OK, I’ll admit it, I’m a Catholic school girl, born and raised. Yes, I wore a uniform for most of my educational career, and yes, I took theology classes in college. Because of my religiously dominated upbringing, you’re probably not surprised to hear that I’m somewhat unfamiliar with Jewish holidays and celebrations.
Take Hanukkah, for example: an eight-night celebration of light that honors the day the Jewish community took back control of the Holy Temple in Jerusalem. Sure, I knew there were eight days of presents for Jewish kids and that they lit candles in that candle-holder called a menorah, but I also knew that there was so much more to the story, and something kept poking at me to figure it out. Something having to do with food, and wanting to discover where the Jewish community’s passion for it came from — something that had to do with latkes.
The best way I understood latkes before setting out on this journey was that they were a sort of Jewish hash brown — crispy potatoes molded into a palm-sized bite and fried to perfection. But I knew that latkes are more than just fried potato pancakes for the Jewish community, and I wanted to find out why they are such an important part of Hanukkah. So I turned to Devra Ferst, food editor at The Jewish Daily Forward, and asked her what their role was in relation to the Festival of Lights.
Ferst explained that the light that burned miraculously for eight days in the temple was actually olive oil, and while most people don’t use olive oil for frying, fried latkes were a way for Jews in Eastern Europe to honor the oil-related miracle by working it into their food. Interestingly enough, says Ferst, the older latkes were closer to the ricotta pancakes that we find in Italian cuisine, and that when the potato latke first originated, it was most likely fried in chicken fat (schmaltz) to lend it an intense flavor, but this is not commonly practiced today.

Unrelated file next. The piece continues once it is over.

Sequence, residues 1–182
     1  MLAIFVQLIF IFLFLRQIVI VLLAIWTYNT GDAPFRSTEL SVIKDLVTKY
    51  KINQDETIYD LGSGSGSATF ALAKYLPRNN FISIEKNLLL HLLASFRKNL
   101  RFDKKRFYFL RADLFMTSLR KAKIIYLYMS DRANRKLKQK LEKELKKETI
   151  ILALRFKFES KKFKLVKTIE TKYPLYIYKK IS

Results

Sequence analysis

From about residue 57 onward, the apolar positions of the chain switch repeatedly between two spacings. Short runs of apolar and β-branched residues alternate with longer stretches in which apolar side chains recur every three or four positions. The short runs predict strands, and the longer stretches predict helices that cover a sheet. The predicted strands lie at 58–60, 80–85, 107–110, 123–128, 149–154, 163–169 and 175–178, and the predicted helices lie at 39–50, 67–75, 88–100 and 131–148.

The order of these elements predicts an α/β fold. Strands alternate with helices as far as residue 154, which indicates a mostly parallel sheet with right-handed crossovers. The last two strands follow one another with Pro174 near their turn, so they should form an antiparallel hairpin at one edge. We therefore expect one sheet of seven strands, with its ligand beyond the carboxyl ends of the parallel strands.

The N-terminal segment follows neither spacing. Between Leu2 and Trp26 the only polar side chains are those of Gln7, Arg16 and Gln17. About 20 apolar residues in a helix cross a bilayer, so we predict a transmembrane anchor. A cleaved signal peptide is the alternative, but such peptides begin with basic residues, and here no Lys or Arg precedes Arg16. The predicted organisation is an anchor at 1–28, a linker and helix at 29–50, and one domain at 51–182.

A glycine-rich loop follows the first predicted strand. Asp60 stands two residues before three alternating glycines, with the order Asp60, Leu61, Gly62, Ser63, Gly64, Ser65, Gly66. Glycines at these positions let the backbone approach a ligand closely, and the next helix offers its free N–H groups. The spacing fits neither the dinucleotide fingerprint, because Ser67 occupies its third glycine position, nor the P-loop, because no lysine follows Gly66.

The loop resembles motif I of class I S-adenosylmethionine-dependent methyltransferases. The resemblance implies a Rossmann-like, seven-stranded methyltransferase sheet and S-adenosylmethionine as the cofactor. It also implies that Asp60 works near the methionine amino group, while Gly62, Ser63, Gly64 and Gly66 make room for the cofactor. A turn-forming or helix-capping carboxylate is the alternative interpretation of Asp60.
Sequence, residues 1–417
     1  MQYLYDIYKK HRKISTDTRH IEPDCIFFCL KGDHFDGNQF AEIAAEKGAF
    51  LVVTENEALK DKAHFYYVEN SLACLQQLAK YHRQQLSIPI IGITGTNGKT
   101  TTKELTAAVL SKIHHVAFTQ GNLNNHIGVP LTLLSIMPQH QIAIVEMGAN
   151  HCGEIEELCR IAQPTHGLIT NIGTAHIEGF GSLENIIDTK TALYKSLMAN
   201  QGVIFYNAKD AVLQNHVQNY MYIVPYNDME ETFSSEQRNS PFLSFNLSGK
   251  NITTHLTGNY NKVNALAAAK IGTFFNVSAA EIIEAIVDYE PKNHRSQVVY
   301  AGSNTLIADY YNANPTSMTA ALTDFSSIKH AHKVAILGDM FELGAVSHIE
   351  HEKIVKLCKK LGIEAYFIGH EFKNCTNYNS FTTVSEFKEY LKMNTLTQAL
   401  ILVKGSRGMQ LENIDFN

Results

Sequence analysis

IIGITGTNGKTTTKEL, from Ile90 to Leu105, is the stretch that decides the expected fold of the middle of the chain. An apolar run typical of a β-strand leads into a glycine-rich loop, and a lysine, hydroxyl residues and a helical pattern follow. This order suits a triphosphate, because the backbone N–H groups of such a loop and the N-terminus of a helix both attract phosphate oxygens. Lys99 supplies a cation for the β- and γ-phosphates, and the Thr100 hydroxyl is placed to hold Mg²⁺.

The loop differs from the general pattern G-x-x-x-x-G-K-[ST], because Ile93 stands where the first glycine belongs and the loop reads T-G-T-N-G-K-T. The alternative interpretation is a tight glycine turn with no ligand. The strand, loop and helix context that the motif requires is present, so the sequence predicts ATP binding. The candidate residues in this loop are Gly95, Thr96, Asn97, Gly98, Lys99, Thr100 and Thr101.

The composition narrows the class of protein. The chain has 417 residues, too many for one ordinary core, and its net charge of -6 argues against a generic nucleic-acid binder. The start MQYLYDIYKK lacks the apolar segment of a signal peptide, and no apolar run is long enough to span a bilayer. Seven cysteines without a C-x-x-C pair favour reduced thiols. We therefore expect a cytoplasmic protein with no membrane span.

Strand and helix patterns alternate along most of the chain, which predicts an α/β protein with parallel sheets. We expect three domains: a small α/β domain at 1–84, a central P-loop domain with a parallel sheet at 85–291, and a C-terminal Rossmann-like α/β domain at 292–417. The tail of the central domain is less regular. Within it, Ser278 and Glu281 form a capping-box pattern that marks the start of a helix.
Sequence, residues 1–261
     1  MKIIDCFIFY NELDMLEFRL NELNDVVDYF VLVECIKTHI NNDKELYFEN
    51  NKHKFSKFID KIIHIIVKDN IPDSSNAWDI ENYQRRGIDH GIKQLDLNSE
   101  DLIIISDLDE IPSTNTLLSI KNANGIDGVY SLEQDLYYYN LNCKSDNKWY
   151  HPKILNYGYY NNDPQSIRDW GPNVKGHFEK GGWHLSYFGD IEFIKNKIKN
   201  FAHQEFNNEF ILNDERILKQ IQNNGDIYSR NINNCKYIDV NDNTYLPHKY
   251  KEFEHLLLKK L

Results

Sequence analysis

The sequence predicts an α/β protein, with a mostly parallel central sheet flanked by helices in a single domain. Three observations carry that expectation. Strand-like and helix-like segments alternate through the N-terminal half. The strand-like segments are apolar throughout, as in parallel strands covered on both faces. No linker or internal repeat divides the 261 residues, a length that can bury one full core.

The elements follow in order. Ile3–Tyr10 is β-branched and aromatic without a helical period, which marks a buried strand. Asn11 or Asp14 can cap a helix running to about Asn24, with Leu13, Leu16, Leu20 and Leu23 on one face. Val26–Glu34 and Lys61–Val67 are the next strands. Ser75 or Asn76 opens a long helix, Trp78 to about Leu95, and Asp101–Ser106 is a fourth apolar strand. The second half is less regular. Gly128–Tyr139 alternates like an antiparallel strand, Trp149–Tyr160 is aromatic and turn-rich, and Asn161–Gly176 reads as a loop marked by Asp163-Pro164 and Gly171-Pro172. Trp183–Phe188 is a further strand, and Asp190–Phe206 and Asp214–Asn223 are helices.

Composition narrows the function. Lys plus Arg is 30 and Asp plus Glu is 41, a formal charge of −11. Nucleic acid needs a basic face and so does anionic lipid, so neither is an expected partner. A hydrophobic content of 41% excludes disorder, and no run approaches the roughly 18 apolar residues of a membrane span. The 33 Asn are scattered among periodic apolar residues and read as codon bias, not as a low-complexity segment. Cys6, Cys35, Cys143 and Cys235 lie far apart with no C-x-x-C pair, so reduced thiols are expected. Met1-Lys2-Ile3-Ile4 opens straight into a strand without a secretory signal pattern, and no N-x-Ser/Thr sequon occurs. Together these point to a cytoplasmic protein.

The most important thing to remember, says Ferst, is that unlike the Sabbath, Hanukkah does not require Jews to eat any specific type of food, and so this fried treat presents itself as a form of celebration and indulgence, and it has become a tradition part of Hanukkah meals for many Jewish families. Most families, like Ferst’s, celebrate Hanukkah by throwing latke parties, where everyone gets involved, which brings me to the next leg of my journey.
Meet Roger Mummert, food writer and latke-enthusiast. Mummert is such a latke fan that he hosts an entire festival devoted to the starchy dish every year, where traditional and untraditional latke recipes are served to crowds and voted upon to determine the winning recipe. While unique and innovative latke recipes are encouraged by Mummert and his team of talented latke chefs, there are a few basic rules that go into making the perfect latke, and he’s shared them with The Daily Meal and this Catholic school girl so that I can once and for all understand latkes.
Anne Dolce is the Cook Editor at The Daily Meal. Follow her on Twitter @anniecdolce